The 10-member Committee, headed by former petroleum and finance secretary Kelkar, said the Production Sharing Contract (PSC) regime was more suited for Indian conditions rather than the revenue-sharing model based on the Rangarajan panel which was adopted by the previous UPA government.

Under the present regime, oil companies can recover all costs —— of successful and unsuccessful wells —— from sales of oil and gas before sharing profit with the government.     The Comptroller and Auditor General of India (CAG) had criticised this approach on grounds that it encourages
companies to increase capital expenditure and delay the government's share.

A panel headed by the then Prime Minister's Economic Advisory Council Chairman C Rangarajan had last year suggested  moving to a revenue-sharing regime that requires companies to state upfront the quantum of oil or gas they will share with the government from the first day of production.
The Kelkar Committee, which was last year formed to suggest 'Roadmap for Reduction in Import Dependency in Hydrocarbon Sector by 2030', in its final report said PSC model was more suited to attract investments.
"The Committee has reservations against accepting the 'biddable' Revenue Sharing Contract (RSC) model due to the inherently misaligned risk-return structure which leads either (i) to lower levels of production due to resultant reduced exploration efforts and lower recovery ratio, or (ii) to high windfall gains to operators encouraging contract instability due to political economy factors," it said.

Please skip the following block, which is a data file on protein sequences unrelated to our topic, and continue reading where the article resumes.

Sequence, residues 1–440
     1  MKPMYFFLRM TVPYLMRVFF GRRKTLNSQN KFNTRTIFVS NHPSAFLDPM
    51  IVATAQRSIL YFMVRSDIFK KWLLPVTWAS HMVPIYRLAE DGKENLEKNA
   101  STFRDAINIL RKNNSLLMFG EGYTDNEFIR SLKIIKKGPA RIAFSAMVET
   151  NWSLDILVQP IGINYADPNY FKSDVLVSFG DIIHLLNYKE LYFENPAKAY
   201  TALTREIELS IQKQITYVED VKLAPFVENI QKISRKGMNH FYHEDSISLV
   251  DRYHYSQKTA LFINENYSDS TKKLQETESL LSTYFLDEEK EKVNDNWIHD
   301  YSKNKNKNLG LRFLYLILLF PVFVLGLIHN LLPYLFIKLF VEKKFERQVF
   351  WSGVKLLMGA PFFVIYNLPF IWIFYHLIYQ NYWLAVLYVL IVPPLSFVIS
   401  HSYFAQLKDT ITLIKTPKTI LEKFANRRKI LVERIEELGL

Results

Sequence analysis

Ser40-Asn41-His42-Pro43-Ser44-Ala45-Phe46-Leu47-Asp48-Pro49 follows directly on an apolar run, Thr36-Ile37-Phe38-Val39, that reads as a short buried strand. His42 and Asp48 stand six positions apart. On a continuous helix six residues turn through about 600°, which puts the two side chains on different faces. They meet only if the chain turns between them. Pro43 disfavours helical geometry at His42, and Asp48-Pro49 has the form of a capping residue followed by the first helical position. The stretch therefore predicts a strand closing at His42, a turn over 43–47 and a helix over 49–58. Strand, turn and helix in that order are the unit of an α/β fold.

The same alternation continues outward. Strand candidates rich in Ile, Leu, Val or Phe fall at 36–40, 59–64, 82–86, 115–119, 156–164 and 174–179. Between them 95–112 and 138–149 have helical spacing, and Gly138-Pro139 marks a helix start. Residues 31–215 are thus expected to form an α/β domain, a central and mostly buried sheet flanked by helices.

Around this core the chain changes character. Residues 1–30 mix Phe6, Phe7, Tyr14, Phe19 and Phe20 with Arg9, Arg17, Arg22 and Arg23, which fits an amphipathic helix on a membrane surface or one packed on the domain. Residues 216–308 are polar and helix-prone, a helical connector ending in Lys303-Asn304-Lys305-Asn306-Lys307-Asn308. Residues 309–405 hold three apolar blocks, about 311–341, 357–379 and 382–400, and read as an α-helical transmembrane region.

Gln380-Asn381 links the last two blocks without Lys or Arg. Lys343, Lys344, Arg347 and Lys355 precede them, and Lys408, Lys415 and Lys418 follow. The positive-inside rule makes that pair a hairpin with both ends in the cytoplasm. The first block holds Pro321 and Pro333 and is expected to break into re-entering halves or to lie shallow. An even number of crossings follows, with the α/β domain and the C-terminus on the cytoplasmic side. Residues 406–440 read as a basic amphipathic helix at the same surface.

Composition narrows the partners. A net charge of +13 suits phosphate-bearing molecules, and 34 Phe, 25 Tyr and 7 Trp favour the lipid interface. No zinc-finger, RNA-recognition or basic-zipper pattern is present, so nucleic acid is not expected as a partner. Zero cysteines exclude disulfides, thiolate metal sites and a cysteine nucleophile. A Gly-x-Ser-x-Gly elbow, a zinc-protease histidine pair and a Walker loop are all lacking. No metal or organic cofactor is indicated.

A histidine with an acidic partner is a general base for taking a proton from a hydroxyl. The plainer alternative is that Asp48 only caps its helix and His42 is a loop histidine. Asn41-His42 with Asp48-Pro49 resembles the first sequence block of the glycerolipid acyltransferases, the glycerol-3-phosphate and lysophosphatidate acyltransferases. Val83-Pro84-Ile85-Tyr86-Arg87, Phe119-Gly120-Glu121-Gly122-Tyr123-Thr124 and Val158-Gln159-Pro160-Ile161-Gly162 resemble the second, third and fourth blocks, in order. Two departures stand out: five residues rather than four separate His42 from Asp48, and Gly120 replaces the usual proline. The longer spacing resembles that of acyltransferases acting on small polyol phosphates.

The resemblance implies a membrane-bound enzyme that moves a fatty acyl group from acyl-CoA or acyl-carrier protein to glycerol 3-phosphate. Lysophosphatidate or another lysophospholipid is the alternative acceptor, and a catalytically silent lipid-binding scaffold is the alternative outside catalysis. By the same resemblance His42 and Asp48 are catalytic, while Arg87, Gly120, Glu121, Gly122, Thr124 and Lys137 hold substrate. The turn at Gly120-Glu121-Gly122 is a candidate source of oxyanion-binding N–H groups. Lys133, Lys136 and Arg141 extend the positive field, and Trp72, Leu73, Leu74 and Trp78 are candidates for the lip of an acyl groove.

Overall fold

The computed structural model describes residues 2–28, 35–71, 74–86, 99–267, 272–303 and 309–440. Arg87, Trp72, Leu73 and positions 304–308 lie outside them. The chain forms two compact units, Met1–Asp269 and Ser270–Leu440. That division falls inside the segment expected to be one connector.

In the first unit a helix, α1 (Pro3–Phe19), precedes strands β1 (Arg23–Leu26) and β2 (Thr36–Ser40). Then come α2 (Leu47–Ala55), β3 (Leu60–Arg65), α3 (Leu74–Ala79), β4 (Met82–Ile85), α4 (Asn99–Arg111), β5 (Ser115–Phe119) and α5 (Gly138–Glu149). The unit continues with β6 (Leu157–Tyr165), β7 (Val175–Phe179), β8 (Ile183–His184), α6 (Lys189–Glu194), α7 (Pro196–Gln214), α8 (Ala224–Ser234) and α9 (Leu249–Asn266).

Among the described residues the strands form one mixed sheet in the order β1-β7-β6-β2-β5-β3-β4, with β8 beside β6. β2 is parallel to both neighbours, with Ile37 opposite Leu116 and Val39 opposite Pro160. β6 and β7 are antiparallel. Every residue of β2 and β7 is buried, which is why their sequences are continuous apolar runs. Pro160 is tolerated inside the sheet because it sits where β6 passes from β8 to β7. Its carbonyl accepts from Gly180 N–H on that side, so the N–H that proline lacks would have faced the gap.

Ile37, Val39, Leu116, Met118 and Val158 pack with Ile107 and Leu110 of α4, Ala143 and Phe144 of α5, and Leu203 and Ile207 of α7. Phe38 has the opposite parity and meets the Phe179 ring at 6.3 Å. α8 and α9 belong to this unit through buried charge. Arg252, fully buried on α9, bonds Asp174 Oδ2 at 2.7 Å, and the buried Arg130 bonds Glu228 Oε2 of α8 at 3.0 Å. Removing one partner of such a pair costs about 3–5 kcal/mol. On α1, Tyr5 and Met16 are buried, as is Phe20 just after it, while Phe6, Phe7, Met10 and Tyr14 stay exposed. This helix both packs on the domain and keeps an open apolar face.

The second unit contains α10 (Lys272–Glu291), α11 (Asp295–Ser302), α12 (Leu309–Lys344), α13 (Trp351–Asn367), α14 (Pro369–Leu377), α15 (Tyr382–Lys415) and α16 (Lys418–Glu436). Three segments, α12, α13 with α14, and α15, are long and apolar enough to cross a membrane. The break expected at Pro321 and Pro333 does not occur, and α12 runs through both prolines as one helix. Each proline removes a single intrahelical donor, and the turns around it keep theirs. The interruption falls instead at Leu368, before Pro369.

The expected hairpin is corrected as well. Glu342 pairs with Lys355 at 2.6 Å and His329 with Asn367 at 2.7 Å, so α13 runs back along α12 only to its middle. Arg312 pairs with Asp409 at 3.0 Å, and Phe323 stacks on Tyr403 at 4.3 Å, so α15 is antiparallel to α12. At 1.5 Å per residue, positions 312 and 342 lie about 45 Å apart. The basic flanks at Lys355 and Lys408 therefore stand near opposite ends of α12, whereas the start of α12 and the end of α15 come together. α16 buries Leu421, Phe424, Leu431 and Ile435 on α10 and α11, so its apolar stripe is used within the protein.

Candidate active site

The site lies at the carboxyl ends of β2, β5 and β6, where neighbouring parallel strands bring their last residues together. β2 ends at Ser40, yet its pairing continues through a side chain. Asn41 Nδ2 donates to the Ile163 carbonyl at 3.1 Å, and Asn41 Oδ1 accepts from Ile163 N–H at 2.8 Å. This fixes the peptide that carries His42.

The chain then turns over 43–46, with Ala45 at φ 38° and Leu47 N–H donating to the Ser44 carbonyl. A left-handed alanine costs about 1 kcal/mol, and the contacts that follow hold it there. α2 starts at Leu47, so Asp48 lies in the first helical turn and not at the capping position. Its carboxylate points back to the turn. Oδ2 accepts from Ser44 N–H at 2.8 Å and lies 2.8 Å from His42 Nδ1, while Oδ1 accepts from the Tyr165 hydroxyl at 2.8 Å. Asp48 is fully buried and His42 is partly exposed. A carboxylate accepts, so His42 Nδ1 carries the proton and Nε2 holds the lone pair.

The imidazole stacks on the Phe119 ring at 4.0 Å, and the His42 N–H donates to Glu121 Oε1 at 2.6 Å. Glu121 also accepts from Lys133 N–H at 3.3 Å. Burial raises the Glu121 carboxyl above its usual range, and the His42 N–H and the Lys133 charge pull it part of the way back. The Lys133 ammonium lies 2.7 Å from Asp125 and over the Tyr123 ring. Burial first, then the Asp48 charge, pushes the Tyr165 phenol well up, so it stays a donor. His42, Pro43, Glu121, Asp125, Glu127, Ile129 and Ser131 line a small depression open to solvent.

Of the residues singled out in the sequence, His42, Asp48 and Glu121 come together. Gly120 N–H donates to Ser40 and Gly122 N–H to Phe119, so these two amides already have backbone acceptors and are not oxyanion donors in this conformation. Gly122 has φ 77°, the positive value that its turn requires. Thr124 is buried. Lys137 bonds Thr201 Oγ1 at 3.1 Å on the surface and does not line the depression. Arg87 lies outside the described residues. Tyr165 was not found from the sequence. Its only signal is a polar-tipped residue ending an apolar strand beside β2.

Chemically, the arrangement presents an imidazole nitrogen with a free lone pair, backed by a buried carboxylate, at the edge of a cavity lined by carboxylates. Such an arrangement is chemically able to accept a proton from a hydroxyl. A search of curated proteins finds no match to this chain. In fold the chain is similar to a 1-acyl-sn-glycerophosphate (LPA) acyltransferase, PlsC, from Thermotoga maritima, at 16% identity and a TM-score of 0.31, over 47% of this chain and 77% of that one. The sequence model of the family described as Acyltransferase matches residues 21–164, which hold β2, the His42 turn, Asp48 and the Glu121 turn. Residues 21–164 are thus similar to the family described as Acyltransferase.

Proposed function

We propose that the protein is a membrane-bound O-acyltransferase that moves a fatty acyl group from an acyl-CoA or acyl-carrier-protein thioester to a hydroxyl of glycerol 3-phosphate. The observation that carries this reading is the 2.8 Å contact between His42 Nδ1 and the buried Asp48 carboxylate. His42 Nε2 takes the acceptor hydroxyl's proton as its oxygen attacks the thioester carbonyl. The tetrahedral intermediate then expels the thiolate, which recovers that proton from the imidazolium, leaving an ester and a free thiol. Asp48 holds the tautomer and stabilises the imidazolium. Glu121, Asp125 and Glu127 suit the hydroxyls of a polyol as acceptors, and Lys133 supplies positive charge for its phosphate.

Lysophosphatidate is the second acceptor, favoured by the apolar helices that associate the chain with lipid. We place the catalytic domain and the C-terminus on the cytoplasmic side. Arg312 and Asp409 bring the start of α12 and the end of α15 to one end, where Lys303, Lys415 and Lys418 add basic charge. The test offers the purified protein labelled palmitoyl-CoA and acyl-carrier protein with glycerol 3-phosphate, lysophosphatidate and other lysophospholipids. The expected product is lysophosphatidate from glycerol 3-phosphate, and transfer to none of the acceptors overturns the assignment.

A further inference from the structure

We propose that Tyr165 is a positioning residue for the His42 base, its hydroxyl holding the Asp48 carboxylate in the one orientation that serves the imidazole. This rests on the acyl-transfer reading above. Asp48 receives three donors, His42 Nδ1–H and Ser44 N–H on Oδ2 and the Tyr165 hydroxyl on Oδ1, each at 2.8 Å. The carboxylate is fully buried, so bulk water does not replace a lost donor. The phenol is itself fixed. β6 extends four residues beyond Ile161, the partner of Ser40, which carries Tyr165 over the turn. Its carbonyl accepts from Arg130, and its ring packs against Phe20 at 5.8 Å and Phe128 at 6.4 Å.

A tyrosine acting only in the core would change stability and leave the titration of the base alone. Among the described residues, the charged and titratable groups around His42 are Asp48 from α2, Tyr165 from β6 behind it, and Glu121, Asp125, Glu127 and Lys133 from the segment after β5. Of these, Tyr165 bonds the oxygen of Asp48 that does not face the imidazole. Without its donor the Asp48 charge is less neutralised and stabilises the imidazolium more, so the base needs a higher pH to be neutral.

It suggested two fiscal regimes - PSC linked to investment multiple with modified contract administration including self-certification of costs by the contractors, or PSC with biddable super normal profits tax.
For boosting local production of oil and gas, the Kelkar committee has suggested improving contract stability and administration as also maintaining contract stability and sanctity and prevent retrospective contract changes.

It also favoured contract extension for perpetuity or up
to the end of the economic life of the asset and empowering boards of state-owned oil companies for approving equity participation in fields they had got from the government on nomination basis.

"Increasing oil production from existing mature fields would require access to advanced global expertise and technologies. Hence, the government should empower board of national oil companies to offer equity participation by foreign and domestic private companies with access to such technologies," it said.

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